"Why Isn't This Small Group Model Working for Us?"
The mistake that many pastors make is assuming that their problem is rooted in a model, system, or strategy.
I sometimes talk to pastors who are frustrated because small group ministry just isn’t working at their church. They tell me about all the great models and strategies that they’ve adapted from other churches, but feel like nothing seems to work. The mistake that many pastors make is assuming that their problem is rooted in a model, system, or strategy. I’m convinced that the problem is actually a DNA problem: the reason groups aren’t working in their church is that their approach to small groups doesn’t match the DNA of the church’s senior leader.
Community Christian Church in Naperville, Illinois has a great system for apprenticing leaders and creating groups that multiply. I had an opportunity a couple of years ago to ask CCC’s Senior Pastor, Dave Ferguson why this model worked so well at their church while other churches often flounder with the same approach. He said, “Because this church started as a small group in a dorm room with me and an apprentice leader.” His answer had nothing do to with the model. Instead, it had everything to do with their church’s DNA. Their model works because it reflects the nature of their church, and a church always reflects the nature of their senior leader (especially if the senior leader is the founding pastor).
In my four years at LifeChurch.tv I learned that two things in small groups were important to my Senior Pastor, Craig Groeschel: friendships and further exploration of the weekend message. At the time the church was running over 20,000 in weekly attendance and Craig had two small groups that met in his home nearly every week. One of those groups exclusively used questions related to the weekend talk as their curriculum. As a result, we built our small group ministry at LifeChurch.tv to revolve around getting as many people as possible into small group environments where they could discover new spiritual friendships and use discussion materials that connected directly to the previous weekend’s teaching.
When you look at successful small group ministries in any church, you’ll find that each of them are pretty unique. They all have similarities, but each church’s model has been custom built to fit their church DNA. One of the greatest temptations of small group ministry leaders is to simply take another church’s model for small group ministry and insert it into their own context. It is imperative to resist this temptation and instead spend time listening to your church’s Senior Pastor. Find out what really gets your pastor excited about Biblical Community then build a ministry that leans heavily in those directions.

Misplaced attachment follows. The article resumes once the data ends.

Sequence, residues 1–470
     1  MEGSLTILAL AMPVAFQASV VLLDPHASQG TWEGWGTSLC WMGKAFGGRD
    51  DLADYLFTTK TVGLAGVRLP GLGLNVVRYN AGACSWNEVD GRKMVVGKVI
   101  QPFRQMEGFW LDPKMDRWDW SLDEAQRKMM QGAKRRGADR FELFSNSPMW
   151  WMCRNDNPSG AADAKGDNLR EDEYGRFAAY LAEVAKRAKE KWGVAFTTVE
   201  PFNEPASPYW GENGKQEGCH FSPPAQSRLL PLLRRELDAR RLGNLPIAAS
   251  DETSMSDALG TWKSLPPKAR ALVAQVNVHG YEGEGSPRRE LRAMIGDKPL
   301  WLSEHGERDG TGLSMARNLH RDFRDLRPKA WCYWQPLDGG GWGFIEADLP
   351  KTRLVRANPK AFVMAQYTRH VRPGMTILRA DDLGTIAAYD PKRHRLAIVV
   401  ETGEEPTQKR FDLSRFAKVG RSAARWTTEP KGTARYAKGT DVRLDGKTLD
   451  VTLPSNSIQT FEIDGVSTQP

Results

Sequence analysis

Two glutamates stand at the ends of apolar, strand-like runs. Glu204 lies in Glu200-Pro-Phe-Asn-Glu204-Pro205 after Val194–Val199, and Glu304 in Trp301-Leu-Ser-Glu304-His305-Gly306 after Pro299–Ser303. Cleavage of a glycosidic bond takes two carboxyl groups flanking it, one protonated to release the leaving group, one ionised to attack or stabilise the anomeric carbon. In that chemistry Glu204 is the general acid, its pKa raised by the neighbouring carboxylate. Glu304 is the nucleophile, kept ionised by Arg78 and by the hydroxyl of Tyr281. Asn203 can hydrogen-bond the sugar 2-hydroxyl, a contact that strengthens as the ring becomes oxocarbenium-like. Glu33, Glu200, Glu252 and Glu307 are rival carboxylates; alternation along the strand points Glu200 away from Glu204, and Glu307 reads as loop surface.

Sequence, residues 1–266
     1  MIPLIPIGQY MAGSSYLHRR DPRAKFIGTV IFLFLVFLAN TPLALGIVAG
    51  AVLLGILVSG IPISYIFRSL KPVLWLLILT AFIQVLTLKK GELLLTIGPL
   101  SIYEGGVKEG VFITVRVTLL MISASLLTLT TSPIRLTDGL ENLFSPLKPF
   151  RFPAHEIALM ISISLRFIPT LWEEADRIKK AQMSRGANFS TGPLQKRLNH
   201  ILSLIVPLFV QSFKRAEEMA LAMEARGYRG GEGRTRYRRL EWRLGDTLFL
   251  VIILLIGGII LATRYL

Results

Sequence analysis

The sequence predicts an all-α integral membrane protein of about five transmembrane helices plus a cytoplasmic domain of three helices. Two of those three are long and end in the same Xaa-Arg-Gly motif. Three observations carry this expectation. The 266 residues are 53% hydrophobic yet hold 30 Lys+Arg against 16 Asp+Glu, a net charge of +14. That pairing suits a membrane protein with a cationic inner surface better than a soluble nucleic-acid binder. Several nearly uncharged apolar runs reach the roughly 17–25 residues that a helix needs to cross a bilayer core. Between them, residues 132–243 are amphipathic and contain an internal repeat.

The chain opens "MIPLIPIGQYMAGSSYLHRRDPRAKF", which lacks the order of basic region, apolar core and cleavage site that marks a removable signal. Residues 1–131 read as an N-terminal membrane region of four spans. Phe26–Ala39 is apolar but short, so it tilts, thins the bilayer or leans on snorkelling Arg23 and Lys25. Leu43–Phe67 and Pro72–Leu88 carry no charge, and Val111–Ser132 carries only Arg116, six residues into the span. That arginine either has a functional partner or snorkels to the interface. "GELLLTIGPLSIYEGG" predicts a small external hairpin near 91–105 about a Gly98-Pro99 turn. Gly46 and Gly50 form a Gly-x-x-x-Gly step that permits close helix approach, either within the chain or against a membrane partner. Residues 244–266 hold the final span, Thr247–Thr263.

Church leaders have a tendency to cut and paste a model they see working somewhere else. Such an approach might work if the church were simply an organization. But a church isn’t an organization, it’s an organism. A pack of hyenas might see a cheetah successfully kill it’s prey, but will a hyena try to cut and paste the cheetah’s approach to hunting? No. The cheetah uses that hunting method because he’s a cheetah, not because the method works.
One of the best things you can do to build a strong small group ministry is understand the heart and mind of your church. Nine times out of ten that can be done by understanding the heart and mind of your senior pastor. Ask why people connect the way they do at your church. Ask why certain ministries thrive in your church and why certain ministries don’t. Spend time with your Senior Pastor. Figure our what makes aspects of Biblical community really make his eyes light up. Discover his heartbeat for community. Figure out if your church is a cheetah, hyena, wolf, spider, or eagle then build your ministry to hunt accordingly.